All Things Considered
All Things Considered
Wednesday, January 17, 2007

Minnesota Public Radio Stories

  • The dangers of performing classical music
    All Things Considered medical analyst Dr. Jon Hallberg tells host Tom Crann about the practice of performing arts medicine. Dr. Hallberg will join the St. Paul Chamber Orchestra on their upcoming tour of Europe.4:50 p.m.
  • A gubernatorial greetingGovernor pushes school policies in 5th State of State speech
    The Republican governor told a joint session of the Minnesota House and Senate that lawmakers from both political parties need to work together to move the state in a common direction. But DFL leaders says some of Pawlenty's proposals just won't fly.5:20 p.m.
  • Medical procedureHospital errors up sharply in latest report
    Medical mistakes and errors rose sharply in Minnesota hospitals during the most recent one-year period measured by the Minnesota Department of Health.5:24 p.m.
  • Elicerio video news conferenceArmy "goofed" in communicating Minnesota Guard deployment extension plans
    The commander of the Minnesota Army National Guard in Iraq has apologized to his soldiers and their family members.5:50 p.m.
  • Monticello nuclear power plantMonticello nuclear plant shut down indefinitely
    Federal officials are asking several nuclear power plants to check their facilities after a piece of equipment broke down at a power plant in central Minnesota. The plant, located northwest of the Twin Cites in Monticello, is still shut down.5:54 p.m.
  • Back to schoolTim Brewster meets Minnesota
    Minnesota's new football coach says his immediate goal is to win the Big Ten. In his first appearance, he touted his reputation as a great recruiter5:57 p.m.

National Public Radio Stories

  • Deaths from Cancer Dropped Two Years in a Row
    The total number of cancer deaths in the United States has declined for two consecutive years, according to new data. Cancer experts say reasons for the declines include fewer people smoking and more people getting screening tests.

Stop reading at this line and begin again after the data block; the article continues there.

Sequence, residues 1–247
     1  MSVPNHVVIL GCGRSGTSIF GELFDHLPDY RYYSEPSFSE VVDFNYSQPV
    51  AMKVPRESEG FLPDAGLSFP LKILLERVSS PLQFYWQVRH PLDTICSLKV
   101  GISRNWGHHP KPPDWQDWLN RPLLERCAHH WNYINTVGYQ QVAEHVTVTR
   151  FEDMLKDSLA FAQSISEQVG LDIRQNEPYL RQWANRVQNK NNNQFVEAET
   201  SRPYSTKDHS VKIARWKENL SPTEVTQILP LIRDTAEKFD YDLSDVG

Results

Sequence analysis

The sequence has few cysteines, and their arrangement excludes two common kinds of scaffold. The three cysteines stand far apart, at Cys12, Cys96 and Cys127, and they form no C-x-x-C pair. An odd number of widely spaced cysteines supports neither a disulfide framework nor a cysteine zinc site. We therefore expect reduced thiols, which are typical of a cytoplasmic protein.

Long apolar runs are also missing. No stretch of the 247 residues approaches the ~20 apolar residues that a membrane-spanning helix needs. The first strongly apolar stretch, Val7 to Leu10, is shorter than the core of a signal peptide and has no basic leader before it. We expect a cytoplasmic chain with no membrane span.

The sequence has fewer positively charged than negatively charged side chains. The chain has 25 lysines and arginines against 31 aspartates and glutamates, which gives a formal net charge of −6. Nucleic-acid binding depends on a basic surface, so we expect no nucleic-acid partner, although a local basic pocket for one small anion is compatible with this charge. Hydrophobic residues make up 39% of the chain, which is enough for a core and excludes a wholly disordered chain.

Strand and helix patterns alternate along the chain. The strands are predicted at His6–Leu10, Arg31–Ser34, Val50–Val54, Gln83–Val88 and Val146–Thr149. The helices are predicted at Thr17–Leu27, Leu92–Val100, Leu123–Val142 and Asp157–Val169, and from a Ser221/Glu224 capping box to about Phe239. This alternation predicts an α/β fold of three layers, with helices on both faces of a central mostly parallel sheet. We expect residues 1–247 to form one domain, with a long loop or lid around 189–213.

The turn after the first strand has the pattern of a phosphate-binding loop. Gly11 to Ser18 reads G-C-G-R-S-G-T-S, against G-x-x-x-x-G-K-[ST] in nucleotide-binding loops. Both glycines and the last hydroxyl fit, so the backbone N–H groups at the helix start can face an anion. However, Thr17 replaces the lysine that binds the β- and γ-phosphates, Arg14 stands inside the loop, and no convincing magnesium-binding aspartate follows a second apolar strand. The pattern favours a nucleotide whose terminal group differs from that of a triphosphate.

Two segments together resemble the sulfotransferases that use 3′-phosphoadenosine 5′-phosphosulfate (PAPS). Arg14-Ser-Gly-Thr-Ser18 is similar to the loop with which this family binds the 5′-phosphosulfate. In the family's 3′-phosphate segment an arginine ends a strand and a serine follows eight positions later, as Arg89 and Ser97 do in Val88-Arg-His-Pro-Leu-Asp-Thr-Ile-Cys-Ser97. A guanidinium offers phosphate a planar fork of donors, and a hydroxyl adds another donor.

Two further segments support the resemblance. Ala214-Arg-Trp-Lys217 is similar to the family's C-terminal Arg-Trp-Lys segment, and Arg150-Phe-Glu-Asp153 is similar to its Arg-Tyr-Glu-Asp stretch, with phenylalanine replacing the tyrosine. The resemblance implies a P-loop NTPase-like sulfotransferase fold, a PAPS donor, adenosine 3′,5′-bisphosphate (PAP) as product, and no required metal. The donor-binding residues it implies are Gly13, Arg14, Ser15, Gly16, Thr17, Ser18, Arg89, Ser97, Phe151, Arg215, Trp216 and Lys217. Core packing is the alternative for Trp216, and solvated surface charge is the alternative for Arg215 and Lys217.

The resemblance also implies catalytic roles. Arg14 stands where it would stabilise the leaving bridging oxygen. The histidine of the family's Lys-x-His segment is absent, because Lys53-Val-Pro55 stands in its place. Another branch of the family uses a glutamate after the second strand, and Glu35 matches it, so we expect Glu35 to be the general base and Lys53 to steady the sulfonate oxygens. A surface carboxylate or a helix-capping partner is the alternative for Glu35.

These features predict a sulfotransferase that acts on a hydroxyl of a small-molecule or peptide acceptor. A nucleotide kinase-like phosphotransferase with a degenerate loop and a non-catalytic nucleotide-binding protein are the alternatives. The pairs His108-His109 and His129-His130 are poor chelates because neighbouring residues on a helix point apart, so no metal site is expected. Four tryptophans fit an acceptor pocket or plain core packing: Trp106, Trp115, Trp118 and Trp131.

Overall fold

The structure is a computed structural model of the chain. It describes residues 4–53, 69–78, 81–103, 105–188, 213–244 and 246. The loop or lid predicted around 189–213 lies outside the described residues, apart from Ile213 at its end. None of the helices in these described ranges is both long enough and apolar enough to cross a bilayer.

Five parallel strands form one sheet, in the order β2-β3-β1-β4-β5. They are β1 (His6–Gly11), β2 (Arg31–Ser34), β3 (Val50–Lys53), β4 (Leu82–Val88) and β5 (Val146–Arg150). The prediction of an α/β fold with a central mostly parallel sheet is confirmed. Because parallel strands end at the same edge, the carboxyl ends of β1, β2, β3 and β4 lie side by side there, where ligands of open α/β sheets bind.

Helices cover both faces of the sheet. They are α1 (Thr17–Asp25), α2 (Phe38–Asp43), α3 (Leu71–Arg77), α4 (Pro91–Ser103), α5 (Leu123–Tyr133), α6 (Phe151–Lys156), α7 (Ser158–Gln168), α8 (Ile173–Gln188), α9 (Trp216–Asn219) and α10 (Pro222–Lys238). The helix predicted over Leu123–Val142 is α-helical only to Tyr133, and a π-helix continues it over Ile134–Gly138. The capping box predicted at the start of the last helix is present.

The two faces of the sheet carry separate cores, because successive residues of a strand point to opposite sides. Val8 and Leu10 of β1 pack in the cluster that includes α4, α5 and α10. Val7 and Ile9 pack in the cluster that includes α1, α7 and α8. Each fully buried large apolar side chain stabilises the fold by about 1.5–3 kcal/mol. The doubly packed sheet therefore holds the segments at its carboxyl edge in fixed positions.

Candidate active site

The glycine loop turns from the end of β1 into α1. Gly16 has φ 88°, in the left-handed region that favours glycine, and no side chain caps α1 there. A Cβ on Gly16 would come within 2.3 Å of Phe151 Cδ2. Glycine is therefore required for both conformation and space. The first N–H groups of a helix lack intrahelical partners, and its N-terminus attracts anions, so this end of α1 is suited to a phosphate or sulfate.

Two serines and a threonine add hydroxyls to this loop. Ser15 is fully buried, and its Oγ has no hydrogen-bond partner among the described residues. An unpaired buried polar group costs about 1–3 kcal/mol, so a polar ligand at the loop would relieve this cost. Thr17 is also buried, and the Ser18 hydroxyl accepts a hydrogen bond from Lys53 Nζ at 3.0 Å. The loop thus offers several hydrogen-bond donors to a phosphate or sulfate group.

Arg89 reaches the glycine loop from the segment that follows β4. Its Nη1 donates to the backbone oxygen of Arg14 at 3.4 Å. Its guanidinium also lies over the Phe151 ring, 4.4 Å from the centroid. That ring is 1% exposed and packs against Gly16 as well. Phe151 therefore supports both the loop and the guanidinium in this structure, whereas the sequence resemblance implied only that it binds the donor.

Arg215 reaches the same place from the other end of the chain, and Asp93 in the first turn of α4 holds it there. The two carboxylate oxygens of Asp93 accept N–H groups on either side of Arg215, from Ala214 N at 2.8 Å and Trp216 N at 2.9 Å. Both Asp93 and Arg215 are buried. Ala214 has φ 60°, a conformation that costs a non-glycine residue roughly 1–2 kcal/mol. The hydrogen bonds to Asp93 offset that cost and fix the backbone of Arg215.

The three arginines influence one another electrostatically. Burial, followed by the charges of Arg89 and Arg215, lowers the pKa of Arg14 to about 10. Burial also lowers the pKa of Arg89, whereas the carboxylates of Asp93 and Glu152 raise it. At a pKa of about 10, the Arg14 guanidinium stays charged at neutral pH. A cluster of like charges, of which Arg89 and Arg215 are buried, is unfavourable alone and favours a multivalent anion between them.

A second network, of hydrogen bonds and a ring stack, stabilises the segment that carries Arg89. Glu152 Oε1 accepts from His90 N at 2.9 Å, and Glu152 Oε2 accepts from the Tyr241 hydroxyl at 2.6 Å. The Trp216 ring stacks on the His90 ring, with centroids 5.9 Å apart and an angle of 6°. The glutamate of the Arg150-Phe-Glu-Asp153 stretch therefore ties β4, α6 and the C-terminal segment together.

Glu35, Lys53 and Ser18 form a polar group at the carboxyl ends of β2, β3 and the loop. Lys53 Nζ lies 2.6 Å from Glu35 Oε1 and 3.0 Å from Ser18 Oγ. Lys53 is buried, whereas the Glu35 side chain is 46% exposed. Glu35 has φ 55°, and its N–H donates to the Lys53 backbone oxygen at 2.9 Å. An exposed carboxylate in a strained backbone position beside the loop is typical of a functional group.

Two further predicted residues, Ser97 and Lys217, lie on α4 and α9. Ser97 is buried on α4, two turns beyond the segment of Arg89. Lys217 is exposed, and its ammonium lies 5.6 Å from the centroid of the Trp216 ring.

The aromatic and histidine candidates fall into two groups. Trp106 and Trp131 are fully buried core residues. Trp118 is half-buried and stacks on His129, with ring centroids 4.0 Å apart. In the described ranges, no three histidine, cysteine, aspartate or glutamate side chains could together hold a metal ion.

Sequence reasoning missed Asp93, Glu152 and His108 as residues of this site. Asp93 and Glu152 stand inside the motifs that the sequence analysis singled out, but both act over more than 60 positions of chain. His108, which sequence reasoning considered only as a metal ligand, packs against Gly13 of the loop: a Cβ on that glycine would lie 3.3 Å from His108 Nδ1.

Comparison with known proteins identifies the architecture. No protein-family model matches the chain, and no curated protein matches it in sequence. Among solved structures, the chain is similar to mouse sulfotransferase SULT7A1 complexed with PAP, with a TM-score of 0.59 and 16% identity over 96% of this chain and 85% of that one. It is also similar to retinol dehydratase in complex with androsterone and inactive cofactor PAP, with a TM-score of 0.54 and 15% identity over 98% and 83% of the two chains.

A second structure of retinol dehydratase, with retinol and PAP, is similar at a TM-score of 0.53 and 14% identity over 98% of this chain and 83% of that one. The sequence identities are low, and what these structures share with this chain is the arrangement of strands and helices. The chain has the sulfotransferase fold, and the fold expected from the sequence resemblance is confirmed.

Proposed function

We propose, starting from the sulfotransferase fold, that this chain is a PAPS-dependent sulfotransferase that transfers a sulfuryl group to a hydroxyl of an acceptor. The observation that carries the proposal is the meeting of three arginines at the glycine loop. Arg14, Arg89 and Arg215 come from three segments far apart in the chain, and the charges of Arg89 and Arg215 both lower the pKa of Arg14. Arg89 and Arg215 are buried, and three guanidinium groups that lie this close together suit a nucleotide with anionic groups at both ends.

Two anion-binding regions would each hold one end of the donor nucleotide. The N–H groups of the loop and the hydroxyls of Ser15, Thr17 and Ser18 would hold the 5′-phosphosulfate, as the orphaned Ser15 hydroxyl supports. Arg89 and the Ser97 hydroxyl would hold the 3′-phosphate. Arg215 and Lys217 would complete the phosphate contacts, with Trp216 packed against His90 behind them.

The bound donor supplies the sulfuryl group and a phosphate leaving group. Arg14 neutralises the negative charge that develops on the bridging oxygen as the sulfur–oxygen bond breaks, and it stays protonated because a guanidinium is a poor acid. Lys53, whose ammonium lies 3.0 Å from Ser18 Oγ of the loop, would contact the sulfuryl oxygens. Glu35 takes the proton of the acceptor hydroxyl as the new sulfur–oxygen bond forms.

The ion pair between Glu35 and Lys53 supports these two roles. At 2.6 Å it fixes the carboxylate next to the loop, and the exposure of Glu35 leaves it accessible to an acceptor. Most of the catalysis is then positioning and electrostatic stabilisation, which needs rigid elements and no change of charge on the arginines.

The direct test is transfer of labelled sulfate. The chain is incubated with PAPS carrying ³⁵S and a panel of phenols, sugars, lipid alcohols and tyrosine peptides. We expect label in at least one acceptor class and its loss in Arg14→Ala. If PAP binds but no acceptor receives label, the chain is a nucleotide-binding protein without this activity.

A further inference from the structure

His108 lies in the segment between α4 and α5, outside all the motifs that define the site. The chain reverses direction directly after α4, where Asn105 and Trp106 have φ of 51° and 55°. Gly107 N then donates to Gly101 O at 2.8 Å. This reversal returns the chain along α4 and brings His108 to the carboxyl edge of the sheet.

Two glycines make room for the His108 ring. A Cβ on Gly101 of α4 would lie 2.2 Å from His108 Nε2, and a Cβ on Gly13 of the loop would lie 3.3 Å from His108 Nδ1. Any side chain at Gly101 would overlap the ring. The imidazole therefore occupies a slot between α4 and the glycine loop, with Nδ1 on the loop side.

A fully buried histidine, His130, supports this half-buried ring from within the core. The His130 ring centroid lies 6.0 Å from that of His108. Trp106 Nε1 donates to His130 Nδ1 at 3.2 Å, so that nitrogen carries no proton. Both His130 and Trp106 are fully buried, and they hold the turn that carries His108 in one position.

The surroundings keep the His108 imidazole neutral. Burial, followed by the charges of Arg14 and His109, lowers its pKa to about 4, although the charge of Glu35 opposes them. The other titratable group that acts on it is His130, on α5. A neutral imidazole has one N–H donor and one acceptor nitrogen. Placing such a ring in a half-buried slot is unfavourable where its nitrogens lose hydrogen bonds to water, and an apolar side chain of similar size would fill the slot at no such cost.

• Promising Therapies Are Cutting Cancer Mortality
    The National Cancer Institute will spend nearly $5 billion this year exploring treatments for cancer. Pharmaceutical companies are heavily invested, as are philanthropies. Melissa Block talks with Dr. Allen Lichter, CEO of the American Society for Clinical Oncology, about how these therapies affect the rates of death due to cancer.
  • The Pumping Sounds of Chemotherapy
    Listener Janet Jones of Conway, Ark., tell us about, and let's us listen to, the chemo pump her husband uses.
  • Baghdad Professor: School Invited Sunni Attacks
    One day after the worst attack against Shiites in months, the dean of Al-Mustansiriya University tries to get the school back on its feet by offering to pay for medical care for the injured students. But at least one professor at the university said the attack was deserved, because the school has become stridently religious.
  • Gates, Saudi King Meet at Airport
    Secretary of Defense Robert Gates meets briefly with Saudi Arabian King Abdullah at the Jiddah Airport.
  • Experts: Middle East Turmoil Defined by U.S., Iran
    The Middle East's conflicts are connected by a larger issue: a confrontation between Iran and the United States for power and influence in the region, analysts say. From protesters trying to bring down Lebanon's Western-backed government to violence among Palestinian factions, some experts say the common theme is the jockeying for power between the two larger rivals.
  • America's 'Al Qaeda Homegrown' from Oregon
    Adam Gadahn, the American-born spokesman for al-Qaida, is the first American to be charged with treason in more than 50 years. Gadhan, who was born in Oregon, is thought to be hiding near the border between Pakistan and Afghanistan. How he came to be there is the subject of a new article in the Jan. 22 issue of The New Yorker.
  • Chirac's Plans Are in the Air; So Is the Presidency
    As France prepares to elect a new president this year, there is much speculation over President Jacques Chirac, 74, who may step down after 12 years in power. Just three and a half months away from April's presidential poll, Chirac refuses to say whether or not he is running.
  • Beyond the Chunnel: Did France, Britain Nearly Join?
    Recently discovered papers indicate that French Prime Minister Guy Mollet went to London in 1956 with a surprising proposal that Britain and France be consolidated into one nation. The documents uncovered by the BBC are interesting — but the proposal was never seriously considered, says Kings College professor Richard Vinen.
  • Senators Air Their Ideas on the Plan for Iraq
    Sen. Chris Dodd (D-CT), a candidate for president, is calling for prohibiting increasing troop levels in Iraq without congressional approval. Sen. Chuck Hagel (R-NE), a potential presidential candidate, is offering a resolution opposing "escalation" of the war. And Sen. Hillary Clinton (D-NY) is talking about her recent trip to Iraq.

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